California's Universal Health Care Bill Fails To Get Enough Votes
Updated: Feb 3
California Democrats early this week failed to gather enough support to advance a government-funded universal health care system, succumbing to intense pressure from business groups and the insurance industry in an election year, Adam Beam reported for the Associated Press (AP).
Photo Insert: California City Hall, Beverly Hills
The bill had to pass by midnight on Monday to have a chance at becoming law this year. But it never came up for a vote after its Democratic author, Assemblymember Ash Kalra, realized it would not pass.
“It became clear that we did not have the votes necessary for passage, and I decided the best course of action is to not put AB 1400 for a vote today,” Kalra said.
While the measure would have created a universal health care system and set its rules, it did not say how much that system would cost or how the government would pay for it. Democrats had filed another bill that would impose hefty new taxes on businesses and individuals, hoping to separate the two issues.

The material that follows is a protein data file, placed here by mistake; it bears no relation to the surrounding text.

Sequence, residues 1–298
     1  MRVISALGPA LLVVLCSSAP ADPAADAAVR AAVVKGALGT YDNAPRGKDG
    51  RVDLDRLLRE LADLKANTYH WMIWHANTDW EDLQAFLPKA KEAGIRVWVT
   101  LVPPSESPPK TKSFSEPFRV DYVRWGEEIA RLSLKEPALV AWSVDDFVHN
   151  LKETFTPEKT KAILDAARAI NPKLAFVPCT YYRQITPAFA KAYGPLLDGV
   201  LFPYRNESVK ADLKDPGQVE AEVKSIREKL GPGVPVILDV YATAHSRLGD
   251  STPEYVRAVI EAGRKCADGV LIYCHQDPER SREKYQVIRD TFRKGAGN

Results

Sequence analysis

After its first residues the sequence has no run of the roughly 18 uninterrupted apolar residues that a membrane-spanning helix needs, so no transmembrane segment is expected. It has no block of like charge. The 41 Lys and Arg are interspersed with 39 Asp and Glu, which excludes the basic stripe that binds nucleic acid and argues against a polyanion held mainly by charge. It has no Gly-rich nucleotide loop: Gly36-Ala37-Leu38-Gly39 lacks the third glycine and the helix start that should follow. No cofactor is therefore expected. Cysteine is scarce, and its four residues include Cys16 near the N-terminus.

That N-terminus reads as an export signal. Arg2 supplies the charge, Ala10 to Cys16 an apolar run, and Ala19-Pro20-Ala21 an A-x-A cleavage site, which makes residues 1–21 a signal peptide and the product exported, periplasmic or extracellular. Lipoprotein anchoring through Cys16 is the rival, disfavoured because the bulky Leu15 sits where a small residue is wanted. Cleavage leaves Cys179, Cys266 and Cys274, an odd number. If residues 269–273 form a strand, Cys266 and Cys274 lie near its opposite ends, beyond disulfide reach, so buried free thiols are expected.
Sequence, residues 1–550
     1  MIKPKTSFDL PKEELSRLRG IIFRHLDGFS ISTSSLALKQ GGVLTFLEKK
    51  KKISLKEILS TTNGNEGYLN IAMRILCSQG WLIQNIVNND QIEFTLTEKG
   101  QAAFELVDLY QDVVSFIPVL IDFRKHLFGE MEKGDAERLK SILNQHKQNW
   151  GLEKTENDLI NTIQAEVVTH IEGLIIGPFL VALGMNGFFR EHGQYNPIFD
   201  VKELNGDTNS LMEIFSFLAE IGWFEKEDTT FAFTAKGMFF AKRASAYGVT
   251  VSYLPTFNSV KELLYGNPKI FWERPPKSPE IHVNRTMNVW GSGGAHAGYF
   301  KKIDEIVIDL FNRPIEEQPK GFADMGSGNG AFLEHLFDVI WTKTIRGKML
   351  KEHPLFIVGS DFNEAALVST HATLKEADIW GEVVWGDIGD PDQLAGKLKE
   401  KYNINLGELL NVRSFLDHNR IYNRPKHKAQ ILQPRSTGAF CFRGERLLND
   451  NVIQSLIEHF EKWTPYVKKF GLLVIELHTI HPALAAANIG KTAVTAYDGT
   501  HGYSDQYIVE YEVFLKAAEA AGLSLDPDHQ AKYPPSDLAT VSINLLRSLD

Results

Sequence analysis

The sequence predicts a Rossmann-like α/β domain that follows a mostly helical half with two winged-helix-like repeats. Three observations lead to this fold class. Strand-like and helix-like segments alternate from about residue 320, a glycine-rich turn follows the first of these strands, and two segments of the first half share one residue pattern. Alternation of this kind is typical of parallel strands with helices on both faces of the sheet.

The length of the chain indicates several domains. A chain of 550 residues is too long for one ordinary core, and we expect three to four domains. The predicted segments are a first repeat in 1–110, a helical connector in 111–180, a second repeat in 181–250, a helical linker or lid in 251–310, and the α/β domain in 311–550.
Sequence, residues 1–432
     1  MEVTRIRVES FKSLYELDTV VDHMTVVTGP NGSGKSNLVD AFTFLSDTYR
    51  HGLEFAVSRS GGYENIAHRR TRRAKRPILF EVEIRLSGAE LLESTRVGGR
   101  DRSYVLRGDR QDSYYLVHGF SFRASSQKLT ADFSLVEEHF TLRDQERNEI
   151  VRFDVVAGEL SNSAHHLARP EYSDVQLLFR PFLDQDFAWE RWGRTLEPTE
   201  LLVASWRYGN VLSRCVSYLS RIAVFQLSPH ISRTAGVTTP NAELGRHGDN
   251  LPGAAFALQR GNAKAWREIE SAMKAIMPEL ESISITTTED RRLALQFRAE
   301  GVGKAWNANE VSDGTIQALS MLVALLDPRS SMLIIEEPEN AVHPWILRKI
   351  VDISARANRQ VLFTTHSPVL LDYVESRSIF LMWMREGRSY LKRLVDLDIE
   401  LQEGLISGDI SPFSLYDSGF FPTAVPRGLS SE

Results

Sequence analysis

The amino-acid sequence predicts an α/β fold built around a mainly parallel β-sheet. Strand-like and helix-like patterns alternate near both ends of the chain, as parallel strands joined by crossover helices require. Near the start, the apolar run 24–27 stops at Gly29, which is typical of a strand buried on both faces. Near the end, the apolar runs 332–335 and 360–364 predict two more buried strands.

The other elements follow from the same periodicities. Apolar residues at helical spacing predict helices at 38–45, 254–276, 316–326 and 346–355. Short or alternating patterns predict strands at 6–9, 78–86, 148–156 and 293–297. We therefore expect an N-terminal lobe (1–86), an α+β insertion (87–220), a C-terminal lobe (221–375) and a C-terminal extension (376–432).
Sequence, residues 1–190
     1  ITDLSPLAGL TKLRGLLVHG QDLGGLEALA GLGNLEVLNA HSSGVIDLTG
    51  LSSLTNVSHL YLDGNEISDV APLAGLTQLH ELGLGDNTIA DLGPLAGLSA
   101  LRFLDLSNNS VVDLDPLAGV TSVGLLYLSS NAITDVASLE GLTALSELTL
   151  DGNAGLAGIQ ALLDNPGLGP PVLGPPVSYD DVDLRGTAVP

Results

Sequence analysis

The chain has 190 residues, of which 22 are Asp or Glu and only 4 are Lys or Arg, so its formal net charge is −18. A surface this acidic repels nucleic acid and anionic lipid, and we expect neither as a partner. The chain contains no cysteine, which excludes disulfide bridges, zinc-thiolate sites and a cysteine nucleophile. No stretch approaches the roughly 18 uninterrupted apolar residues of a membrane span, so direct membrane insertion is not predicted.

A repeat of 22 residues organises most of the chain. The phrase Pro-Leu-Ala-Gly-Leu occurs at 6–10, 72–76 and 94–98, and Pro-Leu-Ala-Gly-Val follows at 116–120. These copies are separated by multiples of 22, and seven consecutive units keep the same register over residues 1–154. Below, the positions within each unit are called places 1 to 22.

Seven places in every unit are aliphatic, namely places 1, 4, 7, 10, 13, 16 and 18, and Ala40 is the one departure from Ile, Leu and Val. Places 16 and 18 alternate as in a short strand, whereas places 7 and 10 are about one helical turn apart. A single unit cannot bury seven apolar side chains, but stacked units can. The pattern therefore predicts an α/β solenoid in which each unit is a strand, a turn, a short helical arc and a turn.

Still, debate about the bill had been dominated by costs. A study of a 2017 proposal in California estimated it would cost $331 billion, which is about $356 billion today when adjusted for inflation.
But California is on pace to spend about $517 billion on health care in 2022, according to an analysis by a commission established by Gov. Gavin Newsom to study universal health care.
The largest chunk of that is from employers and households, followed by the federal government. California’s total operating budget — which pays for public schools, courts, roads and bridges, and other important services — is roughly $262 billion this year.